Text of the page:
We use boldface letters, e.g., , to denote tuples, and when convenient, we treat tuples as sets. and denote the domain and range of a function . Given , the function restricted to the elements in is denoted . A function is constant-preserving iff for each . If , we use for . If is is a tuple with elements in , we use for .
An atom is an expression of the form or , with , , and . If is a set of atoms, we use to denote the set of all arguments of all atoms in .
An interpretation is a FO structure where the domain is a non-empty subset of , and the interpretation function is a function that maps each constant to itself (i.e. , or in other words we adopt the standard name assumption), each concept name to a set , and each role name to a binary relation .
Given an interpretation and a constant-preserving function with domain , we use to denote the interpretation defined by and for each . Given two interpretations , , we use as a shortcut for and , for each . A homomorphism from to is a constant-preserving function with domain that verifies . We note that a set of atoms that verifies uniquely identifies an interpretation, which we denote by .
KBs, DLs, Models.
A KB is a pair , where , called ABox, is a finite set of atoms with arguments in , and , called TBox, is a finite set of axioms. We consider DLs of the DL-Lite family [ACKZ09], starting with the logic DL-Lite, where each axiom has one of the forms (i) (concept inclusion), (ii) (concept disjointness), or (iii) (role inclusion), where now and in the following, the symbols , , and are defined according to the grammar of Figure 2, and are called respectively roles, basic concepts and concepts. Concepts of the form are called number restrictions. DL-Lite allows only axioms of form (i), with the requirement that the number in number restrictions may only be 1. In this work we study extensions to this logic along three orthogonal directions: (1) allowing also for axioms of form (ii), indicated by replacing the subscript with ; (2) allowing also for axioms of form (iii), indicated by adding a superscript ; (3) allowing for arbitrary numbers in number restrictions, but only on the right-hand-side (RHS) of concept inclusion, indicated by adding a superscript . We also use the superscript for logics with role inclusions, but with the restriction on TBoxes defined in [NKKK*19], which disallows in a TBox axioms of the form if contains a role inclusion , for some .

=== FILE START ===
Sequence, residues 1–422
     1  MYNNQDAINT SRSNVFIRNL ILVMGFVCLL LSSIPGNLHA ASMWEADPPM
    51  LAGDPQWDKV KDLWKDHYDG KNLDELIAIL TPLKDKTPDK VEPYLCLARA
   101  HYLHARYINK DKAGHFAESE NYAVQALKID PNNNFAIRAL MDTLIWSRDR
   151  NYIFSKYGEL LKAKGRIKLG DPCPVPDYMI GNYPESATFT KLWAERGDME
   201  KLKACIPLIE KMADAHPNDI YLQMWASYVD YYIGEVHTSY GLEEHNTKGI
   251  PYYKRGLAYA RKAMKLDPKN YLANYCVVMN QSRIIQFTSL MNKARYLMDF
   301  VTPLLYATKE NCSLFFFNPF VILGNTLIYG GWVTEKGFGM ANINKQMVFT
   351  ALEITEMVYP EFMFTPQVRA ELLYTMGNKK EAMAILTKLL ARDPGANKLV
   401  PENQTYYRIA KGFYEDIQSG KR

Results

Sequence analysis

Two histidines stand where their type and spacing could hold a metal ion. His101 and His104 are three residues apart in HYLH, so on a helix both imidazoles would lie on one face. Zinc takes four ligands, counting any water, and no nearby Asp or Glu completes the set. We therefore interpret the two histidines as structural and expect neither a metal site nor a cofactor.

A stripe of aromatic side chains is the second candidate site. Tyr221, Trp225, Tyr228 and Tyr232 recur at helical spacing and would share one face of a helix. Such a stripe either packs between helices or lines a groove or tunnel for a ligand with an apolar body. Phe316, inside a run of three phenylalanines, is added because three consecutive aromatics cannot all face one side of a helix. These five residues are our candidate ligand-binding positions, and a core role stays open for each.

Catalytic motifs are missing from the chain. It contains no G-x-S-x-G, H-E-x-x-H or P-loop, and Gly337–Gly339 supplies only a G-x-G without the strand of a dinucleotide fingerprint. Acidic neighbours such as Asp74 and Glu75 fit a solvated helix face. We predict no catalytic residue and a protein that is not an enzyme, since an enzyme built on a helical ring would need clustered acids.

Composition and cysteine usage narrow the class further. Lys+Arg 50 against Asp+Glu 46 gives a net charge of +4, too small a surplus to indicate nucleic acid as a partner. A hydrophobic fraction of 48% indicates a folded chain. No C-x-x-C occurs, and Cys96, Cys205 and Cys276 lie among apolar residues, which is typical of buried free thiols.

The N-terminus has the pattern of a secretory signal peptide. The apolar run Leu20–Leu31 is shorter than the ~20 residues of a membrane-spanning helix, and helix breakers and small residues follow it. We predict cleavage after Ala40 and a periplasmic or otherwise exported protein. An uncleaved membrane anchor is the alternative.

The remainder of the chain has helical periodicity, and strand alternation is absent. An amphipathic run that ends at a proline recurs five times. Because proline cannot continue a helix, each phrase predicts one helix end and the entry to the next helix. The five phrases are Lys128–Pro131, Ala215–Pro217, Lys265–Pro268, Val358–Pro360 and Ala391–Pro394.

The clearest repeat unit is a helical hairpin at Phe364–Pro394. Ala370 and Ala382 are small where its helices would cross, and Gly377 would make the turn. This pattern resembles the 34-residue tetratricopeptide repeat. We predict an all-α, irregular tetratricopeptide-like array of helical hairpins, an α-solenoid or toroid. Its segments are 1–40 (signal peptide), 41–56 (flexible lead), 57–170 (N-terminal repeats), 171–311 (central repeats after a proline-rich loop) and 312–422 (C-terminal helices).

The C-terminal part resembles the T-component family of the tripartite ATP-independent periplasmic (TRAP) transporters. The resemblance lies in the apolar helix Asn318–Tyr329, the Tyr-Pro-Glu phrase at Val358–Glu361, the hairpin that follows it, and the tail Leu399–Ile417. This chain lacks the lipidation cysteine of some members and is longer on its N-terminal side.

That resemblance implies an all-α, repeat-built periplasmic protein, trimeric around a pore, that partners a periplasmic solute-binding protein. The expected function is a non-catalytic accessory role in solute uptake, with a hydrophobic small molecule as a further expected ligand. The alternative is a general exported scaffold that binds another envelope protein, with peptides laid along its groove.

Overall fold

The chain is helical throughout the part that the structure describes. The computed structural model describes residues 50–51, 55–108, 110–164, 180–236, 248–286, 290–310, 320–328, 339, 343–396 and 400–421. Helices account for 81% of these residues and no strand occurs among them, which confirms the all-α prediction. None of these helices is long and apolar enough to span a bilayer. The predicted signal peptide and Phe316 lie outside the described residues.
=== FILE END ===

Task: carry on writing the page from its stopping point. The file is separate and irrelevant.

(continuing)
The semantics of DL constructs and KBs is specified in the usual way [BCMNP03]. An interpretation is a model of iff , and holds for each axiom in . A KB is satisfiable iff it admits at least one model. For readability, we focus in what follows on satisfiable KBs, that is, we use “a KB” as a shortcut for “a satisfiable KB”. We use the binary relation over DL-Lite concepts and roles to denote entailment w.r.t. a TBox , defined by iff for each model of the KB .
A key property of a DL-Lite KB is the existence of a so-called canonical model , unique up to isomorphism, s.t. there exists a homomorphism from to each model of . This model can be constructed via the restricted chase procedure from [CDLLR13, BoAC10].
Finally, we observe that axioms of the form can be expressed in the logic , but with a possibly exponential blowup of the TBox (assuming is encoded in binary). For instance, the axiom can be expressed as , with fresh DL roles.